Saturday, 30 November 2013

Speakout Advanced p 61. Keys and Vocabulary

Ex 6A
debunk something: /ˌdiːˈbʌŋk/ to show that an idea, a belief, etc. is false; to show that something is not as good as people think it is. E.g. His theories have been debunked by recent research. A fifteen-year-old schoolboy has debunked this myth.

out: available to everyone; known to everyone. E.g. When does her new book come out? Word always gets out (= people find out about things) no matter how careful you are. Out with it! (= say what you know) 

fallacy: a false idea that many people believe is true. E.g. It is a fallacy to say that the camera never lies.

inasmuch as /ˌɪnəzˈmʌtʃəz/ used to add a comment on something that you have just said and to say in what way it is true. Sp. si consideramos que, en la medida en que. E.g. He was a very unusual musician inasmuch as he was totally deaf. They were rivals inasmuch as they had both published works on the subject.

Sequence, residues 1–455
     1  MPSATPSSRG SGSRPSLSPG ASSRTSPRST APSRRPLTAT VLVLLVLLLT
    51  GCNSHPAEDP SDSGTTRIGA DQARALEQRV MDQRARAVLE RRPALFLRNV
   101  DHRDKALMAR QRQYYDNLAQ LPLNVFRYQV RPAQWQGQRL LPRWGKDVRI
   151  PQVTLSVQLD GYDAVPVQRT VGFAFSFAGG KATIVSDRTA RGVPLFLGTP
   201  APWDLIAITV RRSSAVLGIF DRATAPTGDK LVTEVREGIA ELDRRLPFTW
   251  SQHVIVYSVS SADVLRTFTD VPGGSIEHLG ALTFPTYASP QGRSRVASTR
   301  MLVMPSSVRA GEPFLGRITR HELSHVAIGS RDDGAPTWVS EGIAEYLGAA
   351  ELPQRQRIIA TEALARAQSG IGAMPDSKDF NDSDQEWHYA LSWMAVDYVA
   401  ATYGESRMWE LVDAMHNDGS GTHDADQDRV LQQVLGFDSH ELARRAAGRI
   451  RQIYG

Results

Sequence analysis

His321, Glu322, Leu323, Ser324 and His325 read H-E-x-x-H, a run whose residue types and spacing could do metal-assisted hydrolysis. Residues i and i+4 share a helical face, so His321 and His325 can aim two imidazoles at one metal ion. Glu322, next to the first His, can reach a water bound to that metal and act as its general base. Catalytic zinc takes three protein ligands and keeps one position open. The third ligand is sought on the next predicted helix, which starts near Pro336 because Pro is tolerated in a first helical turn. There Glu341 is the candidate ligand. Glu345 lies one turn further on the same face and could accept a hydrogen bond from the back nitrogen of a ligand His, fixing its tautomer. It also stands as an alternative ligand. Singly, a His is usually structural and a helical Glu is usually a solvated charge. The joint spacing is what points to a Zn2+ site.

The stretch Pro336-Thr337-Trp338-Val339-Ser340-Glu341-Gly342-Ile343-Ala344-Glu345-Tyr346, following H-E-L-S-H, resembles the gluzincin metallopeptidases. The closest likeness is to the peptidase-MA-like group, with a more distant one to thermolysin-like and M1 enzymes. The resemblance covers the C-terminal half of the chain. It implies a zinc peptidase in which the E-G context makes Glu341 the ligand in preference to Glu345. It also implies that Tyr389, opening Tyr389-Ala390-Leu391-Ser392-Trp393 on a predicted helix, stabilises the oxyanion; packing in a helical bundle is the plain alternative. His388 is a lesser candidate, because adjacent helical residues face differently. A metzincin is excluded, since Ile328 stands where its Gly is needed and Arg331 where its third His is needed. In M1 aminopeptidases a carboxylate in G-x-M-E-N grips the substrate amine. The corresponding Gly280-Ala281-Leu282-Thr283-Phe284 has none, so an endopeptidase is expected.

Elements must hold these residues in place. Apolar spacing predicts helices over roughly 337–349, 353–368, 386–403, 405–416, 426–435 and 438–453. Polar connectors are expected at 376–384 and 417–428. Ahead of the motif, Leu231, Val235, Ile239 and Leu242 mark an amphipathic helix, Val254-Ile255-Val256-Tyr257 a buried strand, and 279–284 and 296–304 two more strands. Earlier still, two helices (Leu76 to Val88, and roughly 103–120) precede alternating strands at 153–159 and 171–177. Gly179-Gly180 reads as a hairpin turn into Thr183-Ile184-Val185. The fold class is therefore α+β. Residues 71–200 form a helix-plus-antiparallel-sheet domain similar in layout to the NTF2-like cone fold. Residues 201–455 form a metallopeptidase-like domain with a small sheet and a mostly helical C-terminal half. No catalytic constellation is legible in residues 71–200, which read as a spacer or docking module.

p 160

imaging: /ˈɪmɪdʒɪŋ/ the process of capturing, storing and showing an image on a computer screen. E.g. imaging software.

PET: /pet/ (medical) the abbreviation for positron emission tomography (a process that produces an image of your brain or of another part inside your body). E.g. a PET scan.

sushi: /ˈsuːʃi/ a Japanese dish of small cakes of cold cooked rice, flavoured with vinegar and served with raw fish, etc. on top. E.g. a sushi bar.

matador: /ˈmætədɔː(r)/ a person who fights and kills the bull in a bullfight.

cattle: cows and bulls that are kept as farm animals for their milk or meat. E.g. a herd of cattle. Twenty head of cattle (= twenty cows). Dairy/beef cattle. The prisoners were herded into trucks like cattle.

colour-blind: unable to see the difference between some colours, especially red and green.

Ex 7A

hang out